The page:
Why transition economies did worse than others in 2008-09 recession?
While developing countries as a group did better than developed countries in 2008-09 recession, transition economies – former communist countries – experienced the largest reduction of output. Out of 42 countries that experienced negative growth in 2007-09, 13 were transition economies. In fact, 4 out of 5 most affected economies were former communist countries (Latvia, Estonia, Ukraine, Lithuania). The hypothesis is that these transition countries (1) suffered more than the others from the sudden outflow of capital and (2) did not manage this outflow particularly well. The rule of thumb was that large outflows of capital, especially coupled with negative trade shocks, suppressed economic activity. But if the shocks were relatively small (up to 3% of GDP change in trade and capital account from Q2 2008 to an average of subsequent 3 quarters), it was possible to mitigate them through devaluation (not allowing foreign exchange reserves to drop by the same amount). If the shocks were large, even devaluation did not allow to avoid output fall.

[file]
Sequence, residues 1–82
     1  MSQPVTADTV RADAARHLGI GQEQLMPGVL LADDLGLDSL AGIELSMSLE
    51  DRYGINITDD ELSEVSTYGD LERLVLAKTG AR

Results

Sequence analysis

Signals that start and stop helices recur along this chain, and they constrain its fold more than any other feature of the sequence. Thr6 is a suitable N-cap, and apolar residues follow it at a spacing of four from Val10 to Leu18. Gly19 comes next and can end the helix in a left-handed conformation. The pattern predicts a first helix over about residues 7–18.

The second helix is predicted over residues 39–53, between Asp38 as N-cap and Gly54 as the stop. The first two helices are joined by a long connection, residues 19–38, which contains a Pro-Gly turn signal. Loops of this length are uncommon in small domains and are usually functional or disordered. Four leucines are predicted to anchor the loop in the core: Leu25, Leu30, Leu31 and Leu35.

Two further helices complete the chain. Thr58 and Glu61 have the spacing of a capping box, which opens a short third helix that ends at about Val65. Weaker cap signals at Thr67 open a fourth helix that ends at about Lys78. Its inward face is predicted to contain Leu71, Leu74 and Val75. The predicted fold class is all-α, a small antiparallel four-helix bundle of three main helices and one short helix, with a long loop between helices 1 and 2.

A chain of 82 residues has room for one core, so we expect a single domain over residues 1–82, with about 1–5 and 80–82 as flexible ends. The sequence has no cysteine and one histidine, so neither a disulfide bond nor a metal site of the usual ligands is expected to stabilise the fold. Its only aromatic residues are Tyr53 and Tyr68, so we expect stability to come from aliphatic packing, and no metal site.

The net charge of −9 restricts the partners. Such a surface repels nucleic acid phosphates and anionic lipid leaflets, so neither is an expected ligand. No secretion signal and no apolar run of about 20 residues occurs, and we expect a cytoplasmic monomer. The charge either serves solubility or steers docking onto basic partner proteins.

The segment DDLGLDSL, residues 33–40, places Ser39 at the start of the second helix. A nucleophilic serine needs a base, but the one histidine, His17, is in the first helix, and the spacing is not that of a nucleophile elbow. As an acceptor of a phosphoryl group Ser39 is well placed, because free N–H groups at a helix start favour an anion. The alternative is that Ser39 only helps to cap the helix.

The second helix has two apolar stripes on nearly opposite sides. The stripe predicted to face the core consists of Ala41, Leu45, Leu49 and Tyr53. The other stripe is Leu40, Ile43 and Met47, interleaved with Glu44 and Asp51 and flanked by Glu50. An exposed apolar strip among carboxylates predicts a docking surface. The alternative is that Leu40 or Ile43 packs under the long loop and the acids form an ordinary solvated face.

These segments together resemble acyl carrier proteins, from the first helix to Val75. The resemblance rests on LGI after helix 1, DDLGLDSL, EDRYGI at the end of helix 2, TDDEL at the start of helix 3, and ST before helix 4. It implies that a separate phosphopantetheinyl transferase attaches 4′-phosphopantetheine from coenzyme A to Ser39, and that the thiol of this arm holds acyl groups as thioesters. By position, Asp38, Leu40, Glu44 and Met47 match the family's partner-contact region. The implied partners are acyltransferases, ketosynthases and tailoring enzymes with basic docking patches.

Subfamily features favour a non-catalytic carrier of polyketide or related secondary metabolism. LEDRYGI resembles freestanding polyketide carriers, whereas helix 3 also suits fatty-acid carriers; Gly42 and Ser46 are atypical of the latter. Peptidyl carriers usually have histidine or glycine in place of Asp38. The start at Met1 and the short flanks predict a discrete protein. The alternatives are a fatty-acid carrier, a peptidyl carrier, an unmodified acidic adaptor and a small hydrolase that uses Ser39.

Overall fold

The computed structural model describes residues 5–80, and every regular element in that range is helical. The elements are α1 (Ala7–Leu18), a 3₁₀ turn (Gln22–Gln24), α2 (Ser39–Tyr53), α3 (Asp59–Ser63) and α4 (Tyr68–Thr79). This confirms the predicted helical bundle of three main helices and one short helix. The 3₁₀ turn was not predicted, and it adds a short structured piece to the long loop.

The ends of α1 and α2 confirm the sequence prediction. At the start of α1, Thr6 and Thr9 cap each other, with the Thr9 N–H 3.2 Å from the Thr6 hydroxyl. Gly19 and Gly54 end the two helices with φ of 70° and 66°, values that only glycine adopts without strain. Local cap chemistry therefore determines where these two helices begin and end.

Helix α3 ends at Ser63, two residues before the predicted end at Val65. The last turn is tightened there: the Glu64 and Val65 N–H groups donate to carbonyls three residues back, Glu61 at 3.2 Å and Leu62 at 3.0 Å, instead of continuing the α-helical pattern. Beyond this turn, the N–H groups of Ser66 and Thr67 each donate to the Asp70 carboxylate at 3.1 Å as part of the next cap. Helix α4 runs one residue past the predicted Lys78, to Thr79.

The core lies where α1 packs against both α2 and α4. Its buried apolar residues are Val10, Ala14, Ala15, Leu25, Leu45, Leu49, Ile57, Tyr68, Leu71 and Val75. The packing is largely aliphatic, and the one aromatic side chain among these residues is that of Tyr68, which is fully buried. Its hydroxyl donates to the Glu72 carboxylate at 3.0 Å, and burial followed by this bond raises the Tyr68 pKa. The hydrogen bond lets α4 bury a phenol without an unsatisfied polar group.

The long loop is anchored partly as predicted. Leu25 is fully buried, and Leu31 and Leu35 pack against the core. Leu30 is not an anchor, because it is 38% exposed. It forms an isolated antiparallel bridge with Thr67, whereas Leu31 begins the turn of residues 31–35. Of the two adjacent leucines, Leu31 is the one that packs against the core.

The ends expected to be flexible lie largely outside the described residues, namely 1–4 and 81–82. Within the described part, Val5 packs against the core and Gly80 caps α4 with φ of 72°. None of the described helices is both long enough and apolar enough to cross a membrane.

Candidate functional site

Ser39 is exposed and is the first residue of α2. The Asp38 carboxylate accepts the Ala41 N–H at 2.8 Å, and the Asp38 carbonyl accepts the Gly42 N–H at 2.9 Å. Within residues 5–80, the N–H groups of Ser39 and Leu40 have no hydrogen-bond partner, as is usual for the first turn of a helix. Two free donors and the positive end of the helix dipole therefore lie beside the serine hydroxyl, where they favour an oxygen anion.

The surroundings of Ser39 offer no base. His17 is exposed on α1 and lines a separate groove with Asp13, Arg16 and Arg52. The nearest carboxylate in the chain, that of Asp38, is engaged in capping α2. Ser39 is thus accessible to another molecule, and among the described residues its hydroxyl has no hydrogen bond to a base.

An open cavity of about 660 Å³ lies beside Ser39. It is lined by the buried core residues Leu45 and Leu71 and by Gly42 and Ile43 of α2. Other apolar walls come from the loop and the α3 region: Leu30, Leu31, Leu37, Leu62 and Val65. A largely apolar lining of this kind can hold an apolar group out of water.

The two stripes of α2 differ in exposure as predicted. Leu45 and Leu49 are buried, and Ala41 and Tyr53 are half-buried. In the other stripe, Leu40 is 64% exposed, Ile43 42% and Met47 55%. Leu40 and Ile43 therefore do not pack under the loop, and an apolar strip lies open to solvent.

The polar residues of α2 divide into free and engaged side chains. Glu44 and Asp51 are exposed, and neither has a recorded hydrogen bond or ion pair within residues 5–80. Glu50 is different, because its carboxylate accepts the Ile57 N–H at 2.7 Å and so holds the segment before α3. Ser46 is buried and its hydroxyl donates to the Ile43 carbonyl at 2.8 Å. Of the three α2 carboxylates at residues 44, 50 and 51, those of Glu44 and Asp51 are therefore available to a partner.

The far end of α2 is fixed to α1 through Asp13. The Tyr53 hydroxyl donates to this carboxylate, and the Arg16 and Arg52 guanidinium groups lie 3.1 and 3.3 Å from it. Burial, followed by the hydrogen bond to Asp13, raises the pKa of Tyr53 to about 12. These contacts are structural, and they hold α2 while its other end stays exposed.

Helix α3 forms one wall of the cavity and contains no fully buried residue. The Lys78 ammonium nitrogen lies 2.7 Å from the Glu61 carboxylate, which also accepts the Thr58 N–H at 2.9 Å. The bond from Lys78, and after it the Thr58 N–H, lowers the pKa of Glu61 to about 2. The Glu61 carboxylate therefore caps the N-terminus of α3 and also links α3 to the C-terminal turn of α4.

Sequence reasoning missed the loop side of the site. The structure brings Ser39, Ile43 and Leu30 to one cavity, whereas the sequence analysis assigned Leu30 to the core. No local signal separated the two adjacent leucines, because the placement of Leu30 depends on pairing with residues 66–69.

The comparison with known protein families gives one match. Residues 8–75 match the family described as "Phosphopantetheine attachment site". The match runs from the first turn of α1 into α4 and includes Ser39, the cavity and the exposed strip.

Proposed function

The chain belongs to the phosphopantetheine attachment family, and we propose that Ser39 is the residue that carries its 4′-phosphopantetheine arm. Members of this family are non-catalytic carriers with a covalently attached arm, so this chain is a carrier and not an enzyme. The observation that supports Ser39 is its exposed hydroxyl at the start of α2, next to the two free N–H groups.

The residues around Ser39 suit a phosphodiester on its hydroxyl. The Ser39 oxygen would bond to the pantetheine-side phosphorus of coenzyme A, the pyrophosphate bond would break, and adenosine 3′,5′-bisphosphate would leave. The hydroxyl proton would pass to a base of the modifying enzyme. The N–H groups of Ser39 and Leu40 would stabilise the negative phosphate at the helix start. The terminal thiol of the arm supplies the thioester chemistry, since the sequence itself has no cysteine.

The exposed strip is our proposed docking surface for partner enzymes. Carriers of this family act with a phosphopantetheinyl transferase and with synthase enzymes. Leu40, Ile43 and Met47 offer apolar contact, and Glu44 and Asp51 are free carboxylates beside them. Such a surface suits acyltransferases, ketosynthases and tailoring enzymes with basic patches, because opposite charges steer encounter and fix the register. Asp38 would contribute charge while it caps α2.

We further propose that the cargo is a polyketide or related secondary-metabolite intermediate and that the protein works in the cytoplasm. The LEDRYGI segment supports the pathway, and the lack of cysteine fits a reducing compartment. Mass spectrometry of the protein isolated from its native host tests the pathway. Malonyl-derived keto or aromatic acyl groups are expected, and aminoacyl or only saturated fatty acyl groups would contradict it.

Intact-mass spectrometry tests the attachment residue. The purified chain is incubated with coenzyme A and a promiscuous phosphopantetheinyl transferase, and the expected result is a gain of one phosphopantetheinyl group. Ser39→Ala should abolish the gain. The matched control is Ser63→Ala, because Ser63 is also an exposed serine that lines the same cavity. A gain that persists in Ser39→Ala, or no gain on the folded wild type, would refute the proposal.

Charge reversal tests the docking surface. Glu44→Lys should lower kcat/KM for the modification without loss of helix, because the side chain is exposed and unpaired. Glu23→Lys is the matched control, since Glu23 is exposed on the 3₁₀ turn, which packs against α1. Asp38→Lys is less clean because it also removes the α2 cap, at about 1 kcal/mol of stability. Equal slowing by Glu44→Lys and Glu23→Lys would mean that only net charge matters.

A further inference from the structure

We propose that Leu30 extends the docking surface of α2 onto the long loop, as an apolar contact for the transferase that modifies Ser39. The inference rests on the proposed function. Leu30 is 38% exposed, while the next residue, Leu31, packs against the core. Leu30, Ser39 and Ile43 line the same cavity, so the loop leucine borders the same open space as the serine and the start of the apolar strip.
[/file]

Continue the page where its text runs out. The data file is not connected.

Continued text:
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- Vladimir Popov, 2011.
"To devaluate or not to devalue? How East European countries responded to the outflow of capital in 1997-99 and in 2008-09,"
w0154, Center for Economic and Financial Research (CEFIR).
- Popov, Vladimir, 2010. "To devalue or not to devalue? How East European countries responded to the outflow of capital in 1997-99 and in 2008-09," MPRA Paper 28112, University Library of Munich, Germany.
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